In honor of Memorial Day, here is a review of a movie about a fallen hero.
“Last Flag Flying” was directed and co-written by Richard Linklater (his only war movie), based on co-writer Darryl Ponicsan’s novel. The novel is a sequel to “The Last Detail” and the three main characters from that book are carried over into this movie. However, the movie is not really a sequel.
The movie stars the trio of Steve Carrell, Bryan Cranston, and Laurence Fishburne as Vietnam war veterans who reunite for the burial of Carrell’s son who died in Iraq. “Doc” (Carrell) reconnects with Sal (Cranston) and then they guilt-trip Mueller (Fishburne) into going on the trip to Dover Air Force Base to get the casket. When Doc learns the actual circumstances surrounding his son’s death, he refuses a military funeral and burial at Arlington National Cemetery. He insists on taking the body back home for burial. This results in a lot of dialogue and some minor speed bumps. The trio bond along the way, of course.
There are two mysteries that lurk below the surface: how did the son really die and what happened to Doc in Vietnam that got him put in the brig for two years? The movie teases out the Doc situation, but never clearly answers the question. It is very much a road trip movie with Carrell the grieving stoic caught between the now-pious Mueller (he’s a reverend) and the profane, irreligious Sal. Sal and Mueller go at it over God, but both are cynical about the Vietnam War and the government in general.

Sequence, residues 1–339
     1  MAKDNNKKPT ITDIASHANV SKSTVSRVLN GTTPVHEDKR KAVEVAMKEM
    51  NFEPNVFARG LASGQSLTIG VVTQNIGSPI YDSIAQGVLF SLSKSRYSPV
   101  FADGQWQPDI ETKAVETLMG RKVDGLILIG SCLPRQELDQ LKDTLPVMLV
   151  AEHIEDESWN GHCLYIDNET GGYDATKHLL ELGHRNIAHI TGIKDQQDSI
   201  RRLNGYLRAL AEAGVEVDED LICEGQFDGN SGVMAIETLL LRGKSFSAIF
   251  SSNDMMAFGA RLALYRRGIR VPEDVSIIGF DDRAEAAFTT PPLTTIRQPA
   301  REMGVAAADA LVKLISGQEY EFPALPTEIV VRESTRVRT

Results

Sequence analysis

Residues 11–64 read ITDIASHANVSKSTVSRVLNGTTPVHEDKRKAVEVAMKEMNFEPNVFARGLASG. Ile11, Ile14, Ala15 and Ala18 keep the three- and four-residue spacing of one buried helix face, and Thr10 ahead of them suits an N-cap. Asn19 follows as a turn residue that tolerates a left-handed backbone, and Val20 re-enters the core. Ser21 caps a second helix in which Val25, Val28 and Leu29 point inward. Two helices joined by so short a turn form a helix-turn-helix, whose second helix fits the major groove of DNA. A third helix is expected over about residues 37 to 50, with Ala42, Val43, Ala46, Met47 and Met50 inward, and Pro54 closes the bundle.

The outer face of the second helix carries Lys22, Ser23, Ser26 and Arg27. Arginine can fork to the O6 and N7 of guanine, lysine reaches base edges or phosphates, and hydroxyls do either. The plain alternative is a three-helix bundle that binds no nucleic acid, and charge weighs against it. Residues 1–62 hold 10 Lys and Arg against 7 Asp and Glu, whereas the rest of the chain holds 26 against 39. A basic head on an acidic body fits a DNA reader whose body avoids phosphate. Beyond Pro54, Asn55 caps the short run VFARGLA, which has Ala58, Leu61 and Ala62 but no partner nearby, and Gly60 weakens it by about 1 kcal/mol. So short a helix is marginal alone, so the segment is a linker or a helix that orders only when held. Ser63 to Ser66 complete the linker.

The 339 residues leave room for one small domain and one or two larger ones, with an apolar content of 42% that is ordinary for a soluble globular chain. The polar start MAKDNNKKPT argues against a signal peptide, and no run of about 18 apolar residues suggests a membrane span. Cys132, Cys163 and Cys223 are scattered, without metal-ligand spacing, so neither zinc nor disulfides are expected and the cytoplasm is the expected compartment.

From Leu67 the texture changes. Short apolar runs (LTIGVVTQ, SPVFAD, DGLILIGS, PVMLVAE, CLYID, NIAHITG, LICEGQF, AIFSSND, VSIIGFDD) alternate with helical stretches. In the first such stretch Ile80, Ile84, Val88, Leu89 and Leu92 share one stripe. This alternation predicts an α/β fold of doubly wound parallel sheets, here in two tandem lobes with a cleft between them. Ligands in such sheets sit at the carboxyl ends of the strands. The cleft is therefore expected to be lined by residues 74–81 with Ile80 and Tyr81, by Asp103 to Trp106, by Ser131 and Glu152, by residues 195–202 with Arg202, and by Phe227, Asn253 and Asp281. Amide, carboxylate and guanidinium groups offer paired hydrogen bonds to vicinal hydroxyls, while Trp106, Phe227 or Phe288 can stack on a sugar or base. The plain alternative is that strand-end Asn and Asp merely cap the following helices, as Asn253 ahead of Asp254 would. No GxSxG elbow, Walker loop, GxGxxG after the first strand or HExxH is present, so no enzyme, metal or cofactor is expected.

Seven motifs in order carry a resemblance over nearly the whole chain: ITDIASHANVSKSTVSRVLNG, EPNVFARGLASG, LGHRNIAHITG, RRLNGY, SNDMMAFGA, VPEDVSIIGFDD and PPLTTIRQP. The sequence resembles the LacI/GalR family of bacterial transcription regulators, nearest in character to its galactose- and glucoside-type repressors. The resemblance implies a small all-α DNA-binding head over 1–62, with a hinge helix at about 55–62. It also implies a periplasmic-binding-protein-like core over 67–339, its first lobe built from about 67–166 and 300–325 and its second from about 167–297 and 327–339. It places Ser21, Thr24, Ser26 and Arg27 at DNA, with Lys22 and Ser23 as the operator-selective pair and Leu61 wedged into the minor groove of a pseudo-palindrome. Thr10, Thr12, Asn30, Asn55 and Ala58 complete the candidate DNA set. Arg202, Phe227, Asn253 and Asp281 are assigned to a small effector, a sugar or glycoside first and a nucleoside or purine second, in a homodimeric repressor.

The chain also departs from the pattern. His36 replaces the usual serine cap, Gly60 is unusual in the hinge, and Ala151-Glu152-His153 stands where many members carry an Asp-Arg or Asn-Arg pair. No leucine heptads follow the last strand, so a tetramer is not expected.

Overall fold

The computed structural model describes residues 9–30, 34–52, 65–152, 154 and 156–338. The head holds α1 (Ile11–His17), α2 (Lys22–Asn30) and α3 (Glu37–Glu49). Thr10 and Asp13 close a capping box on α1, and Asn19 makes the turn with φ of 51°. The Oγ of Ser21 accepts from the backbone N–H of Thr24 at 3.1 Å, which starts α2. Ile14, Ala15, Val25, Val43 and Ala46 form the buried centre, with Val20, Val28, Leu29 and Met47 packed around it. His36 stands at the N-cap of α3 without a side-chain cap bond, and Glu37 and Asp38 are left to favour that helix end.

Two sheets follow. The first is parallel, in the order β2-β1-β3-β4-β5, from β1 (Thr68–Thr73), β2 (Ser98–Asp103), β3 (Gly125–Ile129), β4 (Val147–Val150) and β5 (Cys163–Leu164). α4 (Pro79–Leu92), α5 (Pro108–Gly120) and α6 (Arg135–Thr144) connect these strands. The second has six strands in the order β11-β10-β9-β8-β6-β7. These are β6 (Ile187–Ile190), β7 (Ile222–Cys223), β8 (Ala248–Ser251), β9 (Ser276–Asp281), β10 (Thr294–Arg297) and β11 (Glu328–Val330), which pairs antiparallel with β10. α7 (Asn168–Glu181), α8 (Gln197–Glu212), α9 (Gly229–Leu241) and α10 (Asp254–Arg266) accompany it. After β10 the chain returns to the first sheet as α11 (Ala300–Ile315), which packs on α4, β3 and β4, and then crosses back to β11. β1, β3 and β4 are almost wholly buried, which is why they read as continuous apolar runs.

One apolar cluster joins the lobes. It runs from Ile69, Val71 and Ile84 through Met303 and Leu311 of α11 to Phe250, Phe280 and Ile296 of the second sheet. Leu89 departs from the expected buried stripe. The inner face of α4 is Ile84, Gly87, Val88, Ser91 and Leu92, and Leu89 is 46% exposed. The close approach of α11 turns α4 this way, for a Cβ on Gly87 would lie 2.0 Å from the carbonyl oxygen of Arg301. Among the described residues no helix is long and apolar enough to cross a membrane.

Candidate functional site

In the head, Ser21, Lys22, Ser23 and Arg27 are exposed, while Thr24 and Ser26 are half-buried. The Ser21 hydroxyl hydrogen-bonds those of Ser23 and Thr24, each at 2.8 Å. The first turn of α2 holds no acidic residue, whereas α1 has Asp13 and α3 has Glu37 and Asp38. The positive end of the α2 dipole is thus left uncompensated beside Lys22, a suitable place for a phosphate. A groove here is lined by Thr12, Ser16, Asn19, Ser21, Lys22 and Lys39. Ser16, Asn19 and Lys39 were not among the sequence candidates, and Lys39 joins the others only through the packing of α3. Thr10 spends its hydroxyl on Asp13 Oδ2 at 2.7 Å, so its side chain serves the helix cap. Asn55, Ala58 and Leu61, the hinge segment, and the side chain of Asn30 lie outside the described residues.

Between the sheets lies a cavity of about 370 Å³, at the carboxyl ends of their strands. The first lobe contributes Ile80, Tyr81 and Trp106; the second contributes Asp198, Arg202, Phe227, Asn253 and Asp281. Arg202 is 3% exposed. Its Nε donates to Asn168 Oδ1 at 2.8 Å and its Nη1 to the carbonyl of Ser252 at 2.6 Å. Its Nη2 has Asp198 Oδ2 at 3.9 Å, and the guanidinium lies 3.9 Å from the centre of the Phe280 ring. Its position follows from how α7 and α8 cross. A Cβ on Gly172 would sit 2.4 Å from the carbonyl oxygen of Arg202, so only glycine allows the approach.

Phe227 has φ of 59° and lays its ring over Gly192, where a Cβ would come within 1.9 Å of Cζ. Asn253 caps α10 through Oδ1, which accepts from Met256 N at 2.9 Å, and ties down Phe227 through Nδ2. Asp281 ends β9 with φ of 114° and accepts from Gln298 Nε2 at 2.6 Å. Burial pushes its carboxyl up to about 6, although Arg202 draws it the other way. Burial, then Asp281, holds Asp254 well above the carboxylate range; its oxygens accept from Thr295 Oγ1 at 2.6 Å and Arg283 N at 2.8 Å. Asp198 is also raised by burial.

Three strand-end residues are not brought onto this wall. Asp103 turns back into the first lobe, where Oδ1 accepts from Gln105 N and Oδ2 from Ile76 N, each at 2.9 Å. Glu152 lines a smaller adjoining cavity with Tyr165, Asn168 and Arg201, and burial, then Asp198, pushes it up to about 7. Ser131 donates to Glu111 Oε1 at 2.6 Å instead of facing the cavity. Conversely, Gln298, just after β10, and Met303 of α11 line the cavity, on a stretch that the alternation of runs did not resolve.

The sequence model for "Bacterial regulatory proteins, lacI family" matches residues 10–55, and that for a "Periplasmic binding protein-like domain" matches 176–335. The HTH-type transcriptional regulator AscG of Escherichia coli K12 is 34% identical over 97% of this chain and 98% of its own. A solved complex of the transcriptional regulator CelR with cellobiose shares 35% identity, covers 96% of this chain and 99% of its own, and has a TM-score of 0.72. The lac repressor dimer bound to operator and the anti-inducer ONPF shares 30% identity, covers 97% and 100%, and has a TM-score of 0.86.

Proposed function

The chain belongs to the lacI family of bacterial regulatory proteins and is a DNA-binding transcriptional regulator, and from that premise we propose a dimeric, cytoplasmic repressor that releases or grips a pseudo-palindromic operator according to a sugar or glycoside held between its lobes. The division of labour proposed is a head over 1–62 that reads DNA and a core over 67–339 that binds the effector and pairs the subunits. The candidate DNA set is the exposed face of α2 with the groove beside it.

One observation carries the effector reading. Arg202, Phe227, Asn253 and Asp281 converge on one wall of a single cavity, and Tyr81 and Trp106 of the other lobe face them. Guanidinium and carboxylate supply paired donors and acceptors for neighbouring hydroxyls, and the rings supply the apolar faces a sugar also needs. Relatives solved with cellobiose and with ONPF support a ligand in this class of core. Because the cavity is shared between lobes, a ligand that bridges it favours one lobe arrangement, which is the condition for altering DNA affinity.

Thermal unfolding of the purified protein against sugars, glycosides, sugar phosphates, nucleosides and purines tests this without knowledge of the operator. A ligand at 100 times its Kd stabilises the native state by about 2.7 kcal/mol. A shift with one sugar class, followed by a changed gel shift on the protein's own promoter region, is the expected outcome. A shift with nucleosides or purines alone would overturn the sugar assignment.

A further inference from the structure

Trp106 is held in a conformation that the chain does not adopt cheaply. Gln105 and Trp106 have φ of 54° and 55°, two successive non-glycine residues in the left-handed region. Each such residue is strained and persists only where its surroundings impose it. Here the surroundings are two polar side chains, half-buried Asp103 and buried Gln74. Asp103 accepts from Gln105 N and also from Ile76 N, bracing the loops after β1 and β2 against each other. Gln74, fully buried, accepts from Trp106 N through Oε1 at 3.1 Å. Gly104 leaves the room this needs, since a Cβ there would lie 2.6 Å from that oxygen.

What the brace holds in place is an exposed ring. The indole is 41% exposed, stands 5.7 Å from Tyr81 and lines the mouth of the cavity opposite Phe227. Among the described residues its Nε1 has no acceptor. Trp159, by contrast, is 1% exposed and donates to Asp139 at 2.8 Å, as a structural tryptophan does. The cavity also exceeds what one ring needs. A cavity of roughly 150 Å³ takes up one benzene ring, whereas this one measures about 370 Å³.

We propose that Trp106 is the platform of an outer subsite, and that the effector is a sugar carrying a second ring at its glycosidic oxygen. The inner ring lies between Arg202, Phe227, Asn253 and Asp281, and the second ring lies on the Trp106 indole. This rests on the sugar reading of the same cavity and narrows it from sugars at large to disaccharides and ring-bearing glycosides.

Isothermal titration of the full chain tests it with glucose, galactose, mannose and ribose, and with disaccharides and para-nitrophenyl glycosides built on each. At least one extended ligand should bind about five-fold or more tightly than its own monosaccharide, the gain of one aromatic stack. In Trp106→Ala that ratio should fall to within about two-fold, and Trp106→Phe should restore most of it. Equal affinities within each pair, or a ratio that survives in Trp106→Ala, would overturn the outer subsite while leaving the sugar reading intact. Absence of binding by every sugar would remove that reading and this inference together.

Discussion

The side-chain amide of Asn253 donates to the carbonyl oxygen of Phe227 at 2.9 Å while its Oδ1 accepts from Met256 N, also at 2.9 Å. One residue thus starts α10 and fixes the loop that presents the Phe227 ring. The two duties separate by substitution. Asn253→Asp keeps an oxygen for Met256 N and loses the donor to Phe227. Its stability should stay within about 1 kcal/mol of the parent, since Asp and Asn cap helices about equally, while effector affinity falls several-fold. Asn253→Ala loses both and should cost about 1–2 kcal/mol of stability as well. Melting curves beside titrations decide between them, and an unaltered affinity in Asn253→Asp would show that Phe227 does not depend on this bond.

If you are a Fox News viewer, this movie is not for you. It is clearly anti-Vietnam and anti-Iraq with a side order of anti-government. However, it does treat the Marine Corps with respect, in the end. The main draw of the movie is the trio of actors. It is very much an ensemble movie. Cranston dominates in a juicy role, but Carrell and Fishburne hold their own. This is one of Carrell’s dramatic roles and once again he proves that he has been able to overcome his Michael Scott persona. Although the movie has some tension-lifting humor, it is definitely not a comedy. It is basically a road trip movie with stock characters, but the underlying mysteries make it intriguing. Doc’s back-story is shocking and allows Carrell to play him as a damaged soul as well as grieving father.
“Last Flag Flying” is a worthy addition to the fallen hero subgenre. It is amiable and clearly aimed at the general public. War movie lovers may be disappointed by the omission of the flashbacks the subgenre is noted for. It does not take the standard route like the recent “Da 5 Bloods”. There are no shots fired. Only verbal shots. It is a bit long and emotion-tugging, but it is entertaining and an appropriate homage to the modern fallen and their families.
GRADE = B-